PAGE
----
Moving On: What Now?
I still think goal-setting is extremely important. It may be difficult to hit the bulls eye on any given target, but if you don’t have a target at all, you definitely won’t hit it.
More than just having targets, you need to be constantly going after them. Or, as hockey legend Wayne Gretzky once said, “You miss 100% of the shots you don’t take.”
Putting up a target on January 1st and never coming back to it just doesn’t work. And while massive goals are inspiring, they need to be divided into bite size chunks so that they are safe for consumption.
All cheesy metaphors aside, goal setting needs to be a continuous process that happens throughout the year. That’s why the concept of the “new year’s resolution” is so flawed. I’m certainly not the first person to come up with this idea, but this is the first time that it’s really hitting me hard.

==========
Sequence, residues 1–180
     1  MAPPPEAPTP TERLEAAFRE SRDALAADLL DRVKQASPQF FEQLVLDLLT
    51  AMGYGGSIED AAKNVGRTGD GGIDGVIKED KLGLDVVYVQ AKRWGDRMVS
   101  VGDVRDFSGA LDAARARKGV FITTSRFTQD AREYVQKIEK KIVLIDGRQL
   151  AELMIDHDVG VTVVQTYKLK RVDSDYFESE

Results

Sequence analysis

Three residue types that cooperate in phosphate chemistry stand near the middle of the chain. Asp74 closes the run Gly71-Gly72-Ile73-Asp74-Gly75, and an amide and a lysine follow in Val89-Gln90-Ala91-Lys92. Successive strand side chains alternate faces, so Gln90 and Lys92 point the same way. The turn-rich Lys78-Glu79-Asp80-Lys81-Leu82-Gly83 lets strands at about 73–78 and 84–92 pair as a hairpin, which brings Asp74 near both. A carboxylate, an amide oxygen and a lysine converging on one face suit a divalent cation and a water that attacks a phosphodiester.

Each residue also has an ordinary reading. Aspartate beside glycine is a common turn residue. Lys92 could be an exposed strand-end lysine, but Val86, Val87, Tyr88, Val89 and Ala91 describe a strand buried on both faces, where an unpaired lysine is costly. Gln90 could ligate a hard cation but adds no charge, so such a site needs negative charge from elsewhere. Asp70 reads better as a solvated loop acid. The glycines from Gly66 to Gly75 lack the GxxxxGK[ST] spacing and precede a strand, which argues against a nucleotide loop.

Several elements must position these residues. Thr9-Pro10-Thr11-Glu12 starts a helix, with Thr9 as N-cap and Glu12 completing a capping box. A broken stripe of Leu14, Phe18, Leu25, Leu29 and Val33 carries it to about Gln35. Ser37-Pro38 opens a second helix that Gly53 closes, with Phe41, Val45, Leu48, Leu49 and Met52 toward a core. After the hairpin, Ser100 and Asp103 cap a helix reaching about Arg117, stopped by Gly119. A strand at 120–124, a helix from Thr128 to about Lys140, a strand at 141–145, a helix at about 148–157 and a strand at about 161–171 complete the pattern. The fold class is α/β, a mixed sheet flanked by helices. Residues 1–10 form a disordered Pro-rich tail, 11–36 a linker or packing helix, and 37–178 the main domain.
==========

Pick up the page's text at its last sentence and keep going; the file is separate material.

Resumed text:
Personally, I need goals I can stay close to: mini-achievements, part of an overall goal that evolves as I learn new things and adapt to whatever obstacles I come across.
And for that reason, I can’t tell you what my 2014 goal is beyond this:
I’m planning to launch a new site the week of January 13th, and I’ve already taken the steps necessary to make sure the launch will happen. Stay tuned, as I’ll be writing more about this project next week.
Leave me a comment below and let me know your thoughts on goals and new year’s resolutions. What’s in store for you in 2014?